Cartago Costa Rica 4The Basilica seemed pretty cool from the outside, very distinct architecture and the white stuck out beautifully against the blue sky. I felt it kind of odd, though, that out front there were a bunch of venders hawking lottery tickets, shouting numbers at the top of their lungs to try and get some customers. Other than that it was really peaceful. Come on a Sunday and the place is probably completely different.

Cartago Costa Rica 5Stepping inside I have to say my jaw dropped a bit. Other than a couple annoying photographers at the entrance with tripods taking up the center and a bit of the side aisles, it was pretty empty. A few worshippers, people crawling down the aisle on their knees, some soft classical music playing from speakers hanging above, police inconspicuously hanging around the corners to make sure no one broke the rules…all very solemn. But the insides…wow. The light was perfect giving everything distinct shape, form, and color. It was so simple, yet complex enough to entertain the eye for a long time. I could take paragraphs to describe it…or just have you look at the photos, hehe.

I had had a late start so time was short. The meeting was scheduled for 2pm and it was approaching 1230 and I hadn’t eaten lunch yet. My breakfast of pancakes and fruit was wearing thin and walking out my eyes were on the lookout for somewhere to eat.

Cartago Costa Rica 6Just a block up is where I found a place. A small soda (local restaurant with a single cook/server) was just opening. Bright, clean, with a friendly person behind the corner, I figured why not give it a try.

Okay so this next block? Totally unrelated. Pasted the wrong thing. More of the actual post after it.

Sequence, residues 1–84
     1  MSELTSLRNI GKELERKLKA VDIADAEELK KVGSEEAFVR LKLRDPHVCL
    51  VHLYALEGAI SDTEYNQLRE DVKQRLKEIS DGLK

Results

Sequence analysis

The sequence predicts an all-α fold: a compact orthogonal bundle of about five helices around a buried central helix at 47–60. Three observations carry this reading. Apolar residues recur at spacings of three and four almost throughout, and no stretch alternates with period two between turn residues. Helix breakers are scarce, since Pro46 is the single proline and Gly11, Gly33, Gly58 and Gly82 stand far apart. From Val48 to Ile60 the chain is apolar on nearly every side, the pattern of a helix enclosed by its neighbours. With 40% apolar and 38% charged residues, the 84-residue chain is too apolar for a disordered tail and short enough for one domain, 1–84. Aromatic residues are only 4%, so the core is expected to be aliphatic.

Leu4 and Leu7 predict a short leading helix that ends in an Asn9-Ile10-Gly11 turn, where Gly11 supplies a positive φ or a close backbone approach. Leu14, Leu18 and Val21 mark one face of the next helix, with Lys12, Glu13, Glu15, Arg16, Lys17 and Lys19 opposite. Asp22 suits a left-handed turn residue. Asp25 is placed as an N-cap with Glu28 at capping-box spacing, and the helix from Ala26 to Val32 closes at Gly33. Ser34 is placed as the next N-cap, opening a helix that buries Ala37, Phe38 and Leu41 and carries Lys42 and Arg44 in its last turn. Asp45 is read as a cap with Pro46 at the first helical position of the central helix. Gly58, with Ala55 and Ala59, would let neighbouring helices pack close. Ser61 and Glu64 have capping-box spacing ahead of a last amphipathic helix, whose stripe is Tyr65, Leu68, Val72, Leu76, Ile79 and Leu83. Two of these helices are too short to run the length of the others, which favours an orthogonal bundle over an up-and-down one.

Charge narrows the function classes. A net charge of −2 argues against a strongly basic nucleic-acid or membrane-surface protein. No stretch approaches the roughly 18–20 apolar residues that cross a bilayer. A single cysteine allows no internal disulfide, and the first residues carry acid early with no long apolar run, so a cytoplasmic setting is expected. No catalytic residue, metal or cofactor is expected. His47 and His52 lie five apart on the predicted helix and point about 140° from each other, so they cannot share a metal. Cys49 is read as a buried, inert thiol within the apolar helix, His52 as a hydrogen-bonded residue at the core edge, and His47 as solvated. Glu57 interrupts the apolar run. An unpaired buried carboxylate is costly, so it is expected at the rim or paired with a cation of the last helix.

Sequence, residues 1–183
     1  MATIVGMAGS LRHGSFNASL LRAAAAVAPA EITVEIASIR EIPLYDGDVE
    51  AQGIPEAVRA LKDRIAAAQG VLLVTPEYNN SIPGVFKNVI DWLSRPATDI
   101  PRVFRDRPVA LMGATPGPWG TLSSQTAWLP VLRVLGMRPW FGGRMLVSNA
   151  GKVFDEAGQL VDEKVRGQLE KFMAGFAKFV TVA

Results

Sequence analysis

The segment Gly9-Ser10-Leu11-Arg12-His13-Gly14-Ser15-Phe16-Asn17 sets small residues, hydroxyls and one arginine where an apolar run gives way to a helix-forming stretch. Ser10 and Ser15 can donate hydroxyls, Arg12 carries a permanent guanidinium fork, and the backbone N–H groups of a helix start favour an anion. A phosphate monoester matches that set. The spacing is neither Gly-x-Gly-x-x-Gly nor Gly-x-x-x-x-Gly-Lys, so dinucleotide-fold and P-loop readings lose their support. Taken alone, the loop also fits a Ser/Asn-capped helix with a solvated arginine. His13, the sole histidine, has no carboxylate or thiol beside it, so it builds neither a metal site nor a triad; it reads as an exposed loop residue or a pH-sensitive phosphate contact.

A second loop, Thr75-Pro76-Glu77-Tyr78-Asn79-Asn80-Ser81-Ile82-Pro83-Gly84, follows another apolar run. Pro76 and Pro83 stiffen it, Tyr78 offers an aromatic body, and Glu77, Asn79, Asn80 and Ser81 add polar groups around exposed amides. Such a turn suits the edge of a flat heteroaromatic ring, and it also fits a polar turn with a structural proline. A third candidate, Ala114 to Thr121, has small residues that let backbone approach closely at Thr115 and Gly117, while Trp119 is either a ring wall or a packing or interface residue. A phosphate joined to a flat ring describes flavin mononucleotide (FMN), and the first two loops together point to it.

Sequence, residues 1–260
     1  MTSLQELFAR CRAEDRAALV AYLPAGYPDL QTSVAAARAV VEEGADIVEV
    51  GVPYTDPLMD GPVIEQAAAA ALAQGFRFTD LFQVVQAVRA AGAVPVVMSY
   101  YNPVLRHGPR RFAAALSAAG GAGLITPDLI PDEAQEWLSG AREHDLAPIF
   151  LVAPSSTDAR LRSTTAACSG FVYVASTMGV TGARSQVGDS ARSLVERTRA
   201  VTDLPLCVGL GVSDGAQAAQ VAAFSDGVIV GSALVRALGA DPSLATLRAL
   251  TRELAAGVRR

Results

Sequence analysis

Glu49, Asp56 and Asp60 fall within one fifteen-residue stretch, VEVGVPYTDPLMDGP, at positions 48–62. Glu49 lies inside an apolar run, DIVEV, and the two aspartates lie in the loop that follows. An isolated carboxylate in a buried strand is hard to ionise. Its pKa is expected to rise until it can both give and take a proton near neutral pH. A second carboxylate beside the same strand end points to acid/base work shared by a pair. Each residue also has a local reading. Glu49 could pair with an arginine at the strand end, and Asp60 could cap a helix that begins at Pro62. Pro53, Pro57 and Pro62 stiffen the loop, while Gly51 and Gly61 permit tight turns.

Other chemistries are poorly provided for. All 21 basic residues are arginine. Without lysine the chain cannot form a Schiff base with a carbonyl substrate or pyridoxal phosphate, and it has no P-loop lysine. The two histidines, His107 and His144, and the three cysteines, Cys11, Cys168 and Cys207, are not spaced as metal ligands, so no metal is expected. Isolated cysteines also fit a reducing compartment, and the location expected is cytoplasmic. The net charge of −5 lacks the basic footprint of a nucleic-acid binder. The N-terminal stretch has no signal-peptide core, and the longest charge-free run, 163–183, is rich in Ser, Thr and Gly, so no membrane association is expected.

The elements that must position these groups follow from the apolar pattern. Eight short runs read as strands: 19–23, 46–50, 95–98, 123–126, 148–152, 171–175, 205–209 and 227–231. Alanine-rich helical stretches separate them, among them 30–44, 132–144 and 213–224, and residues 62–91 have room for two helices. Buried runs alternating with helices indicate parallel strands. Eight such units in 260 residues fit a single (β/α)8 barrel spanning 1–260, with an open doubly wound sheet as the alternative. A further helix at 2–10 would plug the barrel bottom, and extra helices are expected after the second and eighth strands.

Not knowing much Spanish hasn’t been a problem (yet). Like I said before, most people will make an effort to understand you. The menu was simple, cheap, and as I finished eating my burrito con carne, I decided, very tasty.

This is where I’m going to cut out a large chunk of my day. The story of the brewery and what happened there is likely going to be part of my upcoming articles with Alcoholmanac Magazine, and I don’t want to give anything away. When the articles come out I’ll be sure to let you all know.

Getting back home, though, was a fun adventure. The bus back to Cartago was straighforward…as there is only one route from where I was. But finding the bus back to San Jose, that was a little more fun. At night, in the dark, cities take on a new form. Cartago wasn’t scary, but the energy changed. From sleepy Sunday afternoon to masses of people going home from work and school. That end of the day release that gives off a certain vibe that we all love so much. Not to forget the really cool sunset that was going on. My bus station was actually hidden behind a train station, and Google maps wasn’t quite accurate, which led to wandering several blocks until I decided to ignore the map and pay attention to the street numbers.

At about the midpoint of the ride back home I suddenly got the feeling I was on the wrong bus…this happens a lot when you’re traveling in unfamiliar territory and don’t speak the language. All the landmarks you unconsciously marked on the way out seem to not exist on the way back…and being in the dark doesn’t help. All you can do then is take a deep breath and trust you did the right thing in the first place. Imagine the worst outcome possible and realize that would just mean finding somewhere else to stay for the night and heading back in the morning…or spending a bunch more time on the bus to get to the right place. Eventually you will recognize something and the calm will return.

I think I’ve put together enough from the day. It was full, fun, and at the end of it I was completely drained. New faces, new experiences, new places…the works. And the great thing is I get to do it all again tomorrow :)

Cartago Costa Rica 7